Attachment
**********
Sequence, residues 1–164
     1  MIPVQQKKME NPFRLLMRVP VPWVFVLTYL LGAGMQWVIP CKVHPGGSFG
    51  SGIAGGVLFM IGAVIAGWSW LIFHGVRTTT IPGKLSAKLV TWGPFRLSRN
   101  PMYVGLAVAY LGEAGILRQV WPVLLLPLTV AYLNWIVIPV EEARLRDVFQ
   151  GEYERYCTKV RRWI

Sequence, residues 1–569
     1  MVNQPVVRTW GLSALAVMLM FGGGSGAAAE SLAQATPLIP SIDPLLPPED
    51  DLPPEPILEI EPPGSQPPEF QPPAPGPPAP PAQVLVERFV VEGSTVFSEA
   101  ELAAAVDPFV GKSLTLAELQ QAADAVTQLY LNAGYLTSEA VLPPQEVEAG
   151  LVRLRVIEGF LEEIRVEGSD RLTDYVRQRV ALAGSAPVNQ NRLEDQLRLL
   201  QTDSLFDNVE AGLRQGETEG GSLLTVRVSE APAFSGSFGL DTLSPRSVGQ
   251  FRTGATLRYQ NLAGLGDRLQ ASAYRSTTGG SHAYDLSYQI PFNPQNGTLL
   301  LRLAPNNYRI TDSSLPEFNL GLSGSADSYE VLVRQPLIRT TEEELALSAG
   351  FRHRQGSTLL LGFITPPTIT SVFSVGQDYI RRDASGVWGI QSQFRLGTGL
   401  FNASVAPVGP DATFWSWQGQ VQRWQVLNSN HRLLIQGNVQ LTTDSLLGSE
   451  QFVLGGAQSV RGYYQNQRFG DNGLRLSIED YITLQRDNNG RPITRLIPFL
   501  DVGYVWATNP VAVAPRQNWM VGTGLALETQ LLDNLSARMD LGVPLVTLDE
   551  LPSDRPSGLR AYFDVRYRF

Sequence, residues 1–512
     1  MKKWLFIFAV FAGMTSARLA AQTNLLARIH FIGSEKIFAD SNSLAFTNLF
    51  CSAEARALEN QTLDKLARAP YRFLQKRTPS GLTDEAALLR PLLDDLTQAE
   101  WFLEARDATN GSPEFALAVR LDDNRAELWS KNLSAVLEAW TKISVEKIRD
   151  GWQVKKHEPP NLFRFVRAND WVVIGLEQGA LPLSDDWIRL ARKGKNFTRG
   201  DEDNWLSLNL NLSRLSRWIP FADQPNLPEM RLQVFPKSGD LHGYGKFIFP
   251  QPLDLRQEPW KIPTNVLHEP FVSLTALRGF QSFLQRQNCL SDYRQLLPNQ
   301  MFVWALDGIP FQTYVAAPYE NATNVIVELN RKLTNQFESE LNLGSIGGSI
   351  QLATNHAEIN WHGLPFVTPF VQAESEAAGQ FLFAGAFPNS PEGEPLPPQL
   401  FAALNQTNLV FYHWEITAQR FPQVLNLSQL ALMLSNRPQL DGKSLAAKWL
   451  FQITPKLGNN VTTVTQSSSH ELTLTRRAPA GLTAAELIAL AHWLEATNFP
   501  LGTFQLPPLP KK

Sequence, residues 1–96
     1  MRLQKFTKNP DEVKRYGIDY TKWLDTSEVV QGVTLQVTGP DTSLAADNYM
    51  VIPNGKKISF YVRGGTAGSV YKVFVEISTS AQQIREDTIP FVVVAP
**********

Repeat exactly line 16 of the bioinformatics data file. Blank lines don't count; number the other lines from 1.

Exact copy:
   451  QFVLGGAQSV RGYYQNQRFG DNGLRLSIED YITLQRDNNG RPITRLIPFL